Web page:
After having been away from the island on which he was born (in 1975) since 1990, my younger son, Zac, accompanied me this year to Okinawa.
We landed at Naha Int'l October 16th, spent the night on Senaga Island then the next morning we picked up our rental and headed north.
Okuma was high on our "wish list" so we made that our second point of order.

Ride along with us as we work our way up Highway 58 (National Rte 58)

NOTE: Ignore the 2013/01/01 date stamp on the video. This was October 17, 2015

So, after having been away from Okuma for about 25 years and not even seeing the huge sign with O-K-U-M-A on it I drove right past it! Doh! In my defense, I was watching the overhead signs. Yeah, I know.

Anyway, we got in late on the 17th, walked around the camp for a while getting accustomed to the facilities and were pleased to find a Shopette, a recreation rental store, a nice restaurant and watering hole. Neither of us golf, so...


It all came about as a result of a duck hunting trip in 1947 between General Fred Hayden, Lieutenant Colonel Arch McGee, and a personable Okinawan named Shinzo. At the end of the day the general looked over the area, part of which was farmed in sweet potatoes, and said, "Mac, you've got a lot of imagination. Let's see you build a rest center here."

"How much money?" asked McGee.

"None." replied General Hayden and with that McGee was on his way.

Seven elderly Okinawan farmers owned the site and were queried as to how much they would charge for rent. The equivalent of forty dollars per farm was the amount decided. However, to make sure that the farmers got a fair deal, McGee dug into his own pocket and made it fifty dollars each.

The area was cleared with the help of Mr. Matsuoka who furnished a bulldozer and operators from the Okinawa Public Works, free of charge. The Okinawans insisted that walpai (tall grass) be burned due to many habu snakes in the area. After burning the walpai they found the charred remains of 163 habu.

The fact that the farmers had been paid for their land proved to be a tremendous asset because this pleased the town mayors. They got together and guaranteed a plentiful labor supply for construction. This was particularly significant because carpenters were scarce and in high demand. Contracting firms offered the workers all kinds of incentives encouraging them to work on mainland Japan, but the workers stoutly refused to leave the Okuma project. Hentona High School students volunteered their time to clean the grounds once each week.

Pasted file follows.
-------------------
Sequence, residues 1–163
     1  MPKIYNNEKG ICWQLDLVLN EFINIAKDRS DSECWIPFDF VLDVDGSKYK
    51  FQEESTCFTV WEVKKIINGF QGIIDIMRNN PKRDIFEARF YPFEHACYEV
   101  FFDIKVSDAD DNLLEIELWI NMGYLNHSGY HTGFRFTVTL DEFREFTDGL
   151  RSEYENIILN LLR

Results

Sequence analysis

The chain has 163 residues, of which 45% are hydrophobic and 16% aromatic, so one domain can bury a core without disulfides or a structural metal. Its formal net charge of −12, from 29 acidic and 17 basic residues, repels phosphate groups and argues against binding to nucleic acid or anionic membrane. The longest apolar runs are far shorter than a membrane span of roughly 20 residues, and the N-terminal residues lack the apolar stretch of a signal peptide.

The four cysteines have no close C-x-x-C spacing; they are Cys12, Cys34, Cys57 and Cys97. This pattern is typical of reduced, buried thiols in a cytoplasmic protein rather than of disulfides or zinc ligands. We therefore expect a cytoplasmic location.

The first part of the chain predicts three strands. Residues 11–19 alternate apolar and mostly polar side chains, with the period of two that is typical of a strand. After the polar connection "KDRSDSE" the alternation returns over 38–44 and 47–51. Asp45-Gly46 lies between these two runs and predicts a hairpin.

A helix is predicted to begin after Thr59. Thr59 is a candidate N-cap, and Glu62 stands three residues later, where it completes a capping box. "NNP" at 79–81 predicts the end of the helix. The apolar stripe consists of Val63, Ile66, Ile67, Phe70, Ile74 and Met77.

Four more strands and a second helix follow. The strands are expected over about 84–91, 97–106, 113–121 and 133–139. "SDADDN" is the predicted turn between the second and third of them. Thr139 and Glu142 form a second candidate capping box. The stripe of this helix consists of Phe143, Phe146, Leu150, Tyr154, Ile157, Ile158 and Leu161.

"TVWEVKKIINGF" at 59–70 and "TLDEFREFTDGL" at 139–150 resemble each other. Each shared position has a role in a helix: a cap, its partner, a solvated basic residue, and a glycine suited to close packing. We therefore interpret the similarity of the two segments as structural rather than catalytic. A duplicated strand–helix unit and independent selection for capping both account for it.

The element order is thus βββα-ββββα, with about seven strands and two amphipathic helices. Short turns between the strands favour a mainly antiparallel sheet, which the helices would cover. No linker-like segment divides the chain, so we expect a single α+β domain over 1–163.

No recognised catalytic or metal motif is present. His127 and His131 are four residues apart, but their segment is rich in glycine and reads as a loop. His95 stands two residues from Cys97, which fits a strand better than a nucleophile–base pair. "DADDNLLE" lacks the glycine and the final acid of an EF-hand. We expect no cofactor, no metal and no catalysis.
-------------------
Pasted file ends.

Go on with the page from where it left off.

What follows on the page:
Since they had no architect, McGee designed Okuma himself. Building materials were procured in a variety of "strange" ways. Broken bags of wet cement were processed and weather-worn, crooked pine was scrounged from the Army depot for flooring. After fashioning planes from old Jeep springs and wooden blocks, the carpenters planed and grooved the old wood. They also made parquet flooring from damaged Japanese oak doors. The citizens of Naha donated tile flooring and watercrafts. Since lumber was not available for the framework, the industrious builders ripped apart old bailey bridges by hand, then mortised and notched them since they didn't have nails. Paneling came from old masonite crates that were then painted with paint procured during a "midnight requisition" from the U. S. Navy.

A Japnese style dining room with panels of wood was stained with a combination of brick and gasoline and turned into a game room. Condemned "out houses" were refurbished and converted by the ingenius Okinawan laborers into bathrooms. Reconditioned Japanese Army generators furnished the electricity. Water was pumped into Okuma from a fresh spring using a one cylinder putt-putt engine. It was then stored in a home-made water tank.

When the original Okuma site was completed in early November of that year, a group of Buddhist priests gathered on the site with many symbols and a five gallon can of sake, all of which had been buried at Shuri during the war. A sack of charcoal and rice was suspended from the rafters to guarantee that the entrants would never be cold or hungry. Streamers bearing lions and tigers were flown from the roof. The roof was also guarded by Shisa dogs to ensure that the priests, workers, and guests would be protected from evil spirits. To celebrate their success, they proceeded to drink all of the sake as they danced and chanted all night.

The same spirit of cooperation and celebration still exists at Okuma today, but we have definitely improved! Okuma currently occupies 135 acres and has over 50 facilities. The staff of approximately 120 people consists of active duty Air Force, local nationals, and NAF (non-appropriated funds) civilians.
(source: Information brochure provided by Okuma staff)

We went "off base" to take a look around the village. My favorite find along the way was this little roadside stand. Nobody around, but there it was with stuff on display including an "Open" sign. I would later encounter a very similar situation at a roadside vendor near the Zakimi-jo in Yomitan - but that's another story...

Back at the rest center we settled in for the evening, stopping in at the Seaside Cafe where there is a nice dining room and, better yet, a large outdoor patio with steaks on the grill at the far end.

A cool feature in the lounge is this ceiling light. I want one!

Lots of attractive features throughout the compound make it a very pleasant and relaxing place to recharge your batteries!

Yuimaru Garden, overlooking the tee at Habu Links golf course

And then... there are the beaches! North and South - take your pick.

Okay... now sit back and enjoy some tranquil beaches!

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